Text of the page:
The contribution of Grotius to international law is beyond the scope of a general history of legal philosophy; with respect to this latter his importance lay in the philosophical principles upon which he sought to found his special subject and which he set out especially in the Prolegomena to his greatest work. In the 17th century it was a foregone conclusion that he should appeal to the generally admitted idea of a fundamental law, of a law of nature, lying behind the civil law of every nation, and binding, because of its intrinsic justice, upon all peoples and upon subjects and rulers alike. In the long tradition of Christian political thought no writer had denied, or even doubted, the validity of such a law. But with the breaking up of Christian unity and the decline of Christian authority the grounds of this validity called urgently for reexamination. Neither the authority of the church nor the authority of Scripture, in fact, no form of religious revelation, could establish the foundation of a law binding alike on Protestant and Catholic peoples, and governing the relations between Christian and non-Christian rulers. It was natural that Grotius, with his background of humanistic education, should turn back to the even older, preChristian tradition of natural law which he found in the writers of classical an-

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tiquity. And so he chose, as Cicero had done before him, to put his examination of the grounds of natural law into the form of a debate with the skeptical critic of the Stoic philosophy, Carneades.3
The point of Carneadess refutation of natural justice lay in the argument that all human conduct is motivated by self-interest and that law is, in consequence, merely a social convention which is generally beneficial and supported not by a sense of justice but by prudence. Grotiuss answer was, in brief, that such an appeal to utility is inadequate, since men are inherently social beings. As a result the maintenance of society itself is central, and not to be measured by any private benefits (other than the satisfaction of their sociable impulses) accruing to individuals. (Sabine 1937, 2567)

As the eminent Grotius-scholar Richard Tuck translates Grotius Prolegomena in The Rights of War and Peace:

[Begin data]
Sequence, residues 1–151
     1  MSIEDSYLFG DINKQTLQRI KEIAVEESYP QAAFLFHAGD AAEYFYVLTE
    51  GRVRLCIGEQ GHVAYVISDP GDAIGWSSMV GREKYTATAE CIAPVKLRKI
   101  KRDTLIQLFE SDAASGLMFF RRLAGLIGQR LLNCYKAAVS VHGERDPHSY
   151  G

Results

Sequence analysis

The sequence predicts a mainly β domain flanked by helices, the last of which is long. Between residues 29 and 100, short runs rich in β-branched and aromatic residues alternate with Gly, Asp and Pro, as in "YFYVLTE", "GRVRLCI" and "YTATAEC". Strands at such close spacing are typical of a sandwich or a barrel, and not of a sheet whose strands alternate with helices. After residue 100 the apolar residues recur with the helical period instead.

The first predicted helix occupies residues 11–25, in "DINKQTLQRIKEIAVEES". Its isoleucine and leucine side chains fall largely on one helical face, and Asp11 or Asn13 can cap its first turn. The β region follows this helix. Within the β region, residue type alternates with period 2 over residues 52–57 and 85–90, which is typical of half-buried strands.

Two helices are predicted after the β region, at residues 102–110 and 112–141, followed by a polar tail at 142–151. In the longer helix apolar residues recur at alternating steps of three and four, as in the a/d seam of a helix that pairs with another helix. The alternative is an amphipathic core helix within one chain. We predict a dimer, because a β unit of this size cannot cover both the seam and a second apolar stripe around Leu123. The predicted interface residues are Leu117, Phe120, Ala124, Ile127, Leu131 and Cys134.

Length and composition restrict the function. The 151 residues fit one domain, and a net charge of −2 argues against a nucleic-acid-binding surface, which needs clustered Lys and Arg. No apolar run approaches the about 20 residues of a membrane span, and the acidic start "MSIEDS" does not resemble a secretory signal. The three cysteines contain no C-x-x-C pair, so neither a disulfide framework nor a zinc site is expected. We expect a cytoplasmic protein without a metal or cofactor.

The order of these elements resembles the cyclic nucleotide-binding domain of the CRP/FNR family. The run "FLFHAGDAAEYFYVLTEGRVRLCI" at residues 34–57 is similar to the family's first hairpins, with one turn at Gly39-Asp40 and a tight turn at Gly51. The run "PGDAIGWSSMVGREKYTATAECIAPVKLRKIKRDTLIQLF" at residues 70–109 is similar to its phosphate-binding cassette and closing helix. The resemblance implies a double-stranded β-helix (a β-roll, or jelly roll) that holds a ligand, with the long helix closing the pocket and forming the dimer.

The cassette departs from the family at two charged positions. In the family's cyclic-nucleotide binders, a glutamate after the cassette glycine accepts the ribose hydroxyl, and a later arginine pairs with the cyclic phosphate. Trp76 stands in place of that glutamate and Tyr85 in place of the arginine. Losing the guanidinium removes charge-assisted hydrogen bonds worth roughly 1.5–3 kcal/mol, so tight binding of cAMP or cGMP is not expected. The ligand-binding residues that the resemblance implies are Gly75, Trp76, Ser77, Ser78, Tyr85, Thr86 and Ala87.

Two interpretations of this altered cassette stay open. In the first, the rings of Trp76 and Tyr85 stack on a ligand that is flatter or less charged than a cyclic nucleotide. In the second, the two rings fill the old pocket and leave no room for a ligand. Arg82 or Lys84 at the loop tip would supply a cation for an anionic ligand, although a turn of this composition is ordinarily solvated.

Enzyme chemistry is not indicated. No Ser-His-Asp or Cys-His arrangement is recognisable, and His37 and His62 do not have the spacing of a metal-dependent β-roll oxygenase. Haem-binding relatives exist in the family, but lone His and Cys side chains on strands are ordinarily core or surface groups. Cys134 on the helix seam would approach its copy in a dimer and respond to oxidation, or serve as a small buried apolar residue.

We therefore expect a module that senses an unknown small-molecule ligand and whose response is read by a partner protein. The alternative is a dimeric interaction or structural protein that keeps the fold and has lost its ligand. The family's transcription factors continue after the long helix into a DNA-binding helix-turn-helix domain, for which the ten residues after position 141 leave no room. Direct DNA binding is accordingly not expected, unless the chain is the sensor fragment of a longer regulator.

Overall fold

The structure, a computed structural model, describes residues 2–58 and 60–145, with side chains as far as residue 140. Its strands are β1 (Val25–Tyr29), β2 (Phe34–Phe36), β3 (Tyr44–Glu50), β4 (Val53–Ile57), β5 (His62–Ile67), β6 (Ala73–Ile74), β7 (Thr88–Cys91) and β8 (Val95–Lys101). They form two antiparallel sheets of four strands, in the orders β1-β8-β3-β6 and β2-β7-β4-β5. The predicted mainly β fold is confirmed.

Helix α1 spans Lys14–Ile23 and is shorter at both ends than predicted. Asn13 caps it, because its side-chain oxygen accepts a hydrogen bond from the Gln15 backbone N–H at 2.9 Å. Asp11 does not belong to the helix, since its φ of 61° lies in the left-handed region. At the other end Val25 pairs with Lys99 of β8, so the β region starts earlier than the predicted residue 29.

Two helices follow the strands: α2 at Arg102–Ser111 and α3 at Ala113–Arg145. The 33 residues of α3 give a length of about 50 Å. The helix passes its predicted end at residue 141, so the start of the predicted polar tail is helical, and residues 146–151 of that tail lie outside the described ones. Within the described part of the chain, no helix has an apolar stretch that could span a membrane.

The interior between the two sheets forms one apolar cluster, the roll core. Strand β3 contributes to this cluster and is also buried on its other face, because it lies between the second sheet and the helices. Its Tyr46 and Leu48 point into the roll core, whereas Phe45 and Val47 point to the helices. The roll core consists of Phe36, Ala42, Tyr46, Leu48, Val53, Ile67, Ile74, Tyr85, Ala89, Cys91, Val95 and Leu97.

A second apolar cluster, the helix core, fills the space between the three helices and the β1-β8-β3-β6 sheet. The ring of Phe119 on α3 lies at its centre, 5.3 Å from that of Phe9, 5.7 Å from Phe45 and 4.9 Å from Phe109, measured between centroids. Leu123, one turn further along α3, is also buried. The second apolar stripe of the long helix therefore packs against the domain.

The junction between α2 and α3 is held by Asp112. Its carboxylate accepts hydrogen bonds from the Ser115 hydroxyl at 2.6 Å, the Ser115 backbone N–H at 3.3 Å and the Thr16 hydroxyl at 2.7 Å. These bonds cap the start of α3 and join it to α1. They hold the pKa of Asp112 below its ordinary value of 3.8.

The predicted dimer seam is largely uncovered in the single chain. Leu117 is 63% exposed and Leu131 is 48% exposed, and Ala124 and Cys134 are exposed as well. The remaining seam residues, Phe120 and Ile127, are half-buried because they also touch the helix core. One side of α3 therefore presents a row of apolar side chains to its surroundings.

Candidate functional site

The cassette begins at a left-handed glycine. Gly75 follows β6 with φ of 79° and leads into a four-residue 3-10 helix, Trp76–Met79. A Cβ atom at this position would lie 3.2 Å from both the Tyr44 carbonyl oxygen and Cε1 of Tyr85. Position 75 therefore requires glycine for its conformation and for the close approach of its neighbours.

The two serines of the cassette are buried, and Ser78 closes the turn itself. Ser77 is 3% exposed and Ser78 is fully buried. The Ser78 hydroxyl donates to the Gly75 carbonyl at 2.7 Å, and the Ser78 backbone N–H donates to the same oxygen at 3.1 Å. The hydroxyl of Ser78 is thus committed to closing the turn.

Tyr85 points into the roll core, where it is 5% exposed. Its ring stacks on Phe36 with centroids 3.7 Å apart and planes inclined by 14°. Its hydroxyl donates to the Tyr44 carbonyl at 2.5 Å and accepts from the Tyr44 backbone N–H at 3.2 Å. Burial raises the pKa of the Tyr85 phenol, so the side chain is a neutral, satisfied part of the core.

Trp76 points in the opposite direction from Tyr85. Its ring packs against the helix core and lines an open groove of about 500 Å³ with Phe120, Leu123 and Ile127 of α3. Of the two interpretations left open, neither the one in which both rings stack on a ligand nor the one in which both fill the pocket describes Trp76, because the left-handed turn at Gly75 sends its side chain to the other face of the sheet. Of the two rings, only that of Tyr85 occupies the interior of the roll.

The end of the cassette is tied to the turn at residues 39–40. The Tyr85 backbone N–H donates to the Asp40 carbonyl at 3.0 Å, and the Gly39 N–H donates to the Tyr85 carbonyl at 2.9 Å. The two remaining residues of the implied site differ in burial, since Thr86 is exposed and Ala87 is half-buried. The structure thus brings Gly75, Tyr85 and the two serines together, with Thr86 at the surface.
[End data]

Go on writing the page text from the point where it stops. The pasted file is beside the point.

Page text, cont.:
When he [Carneades] undertook the critique of justice (which is my particular subject at the moment), he found no argument more powerful than this: men have established jura according to their own interests [pro utilitate], which vary with different customs, and often at different times with the same people: so there is no natural jus: all men and the other animals are impelled by nature to seek their own interests: so either there is no justice, or if there is such a thing, it is the greatest foolishness, since pursuing the good of others harms oneself. We should not accept the truth in all circumstances of what this philosopher says, nor of what a poet said in imitationnever by nature can wrong be split from right. For though man is an animal, he is one of a special kind, further removed from the rest than each of the others species are from one anotherfor which there is testimony from many actions unique to the human species. Among the things which are unique to man is the desire for society [appetitus societatis], that is for community with those who belong to his speciesthough not a community of any kind, but one at peace, and with a rational order [pro sui intellectus modo ordinatae]. Therefore, when it is said that nature drives each animal to seek its own interests, we can say that this is true of the other animals, and of man before he comes to the use of that which is special to men [antequam ad usum eius, quod homini proprium est, pervenerit]. (Tuck 1999, 97)

When Grotius speaks of sociableness or an appetitus societatis in Stoic thought, he is thinking above all of Cicerowho defended Stoicism in De Finibus and in De Natura Deorum, but without actually being a full Stoic. Grotius must especially have relished the remarkable page in De Finibus in which the great Roman jurisconsult insists that
in the whole moral sphere of which we are speaking there is nothing more glorious nor of wider range than the solidarity of mankind, that species of alliance and partnership of interests and that actual affection [caritas] which exists between man and man, which, coming into existence immediately upon our birth, owing to the fact that children are loved by their parents and the family as a whole is bound together by the ties of marriage and parenthood, gradually spreads its influence beyond the home, first by blood relationships, then by connections through marriage, later by friendships, afterwards by the bonds of neighbourhood, then to fellow-citizens and political allies and friends, and lastly by embracing the whole of the human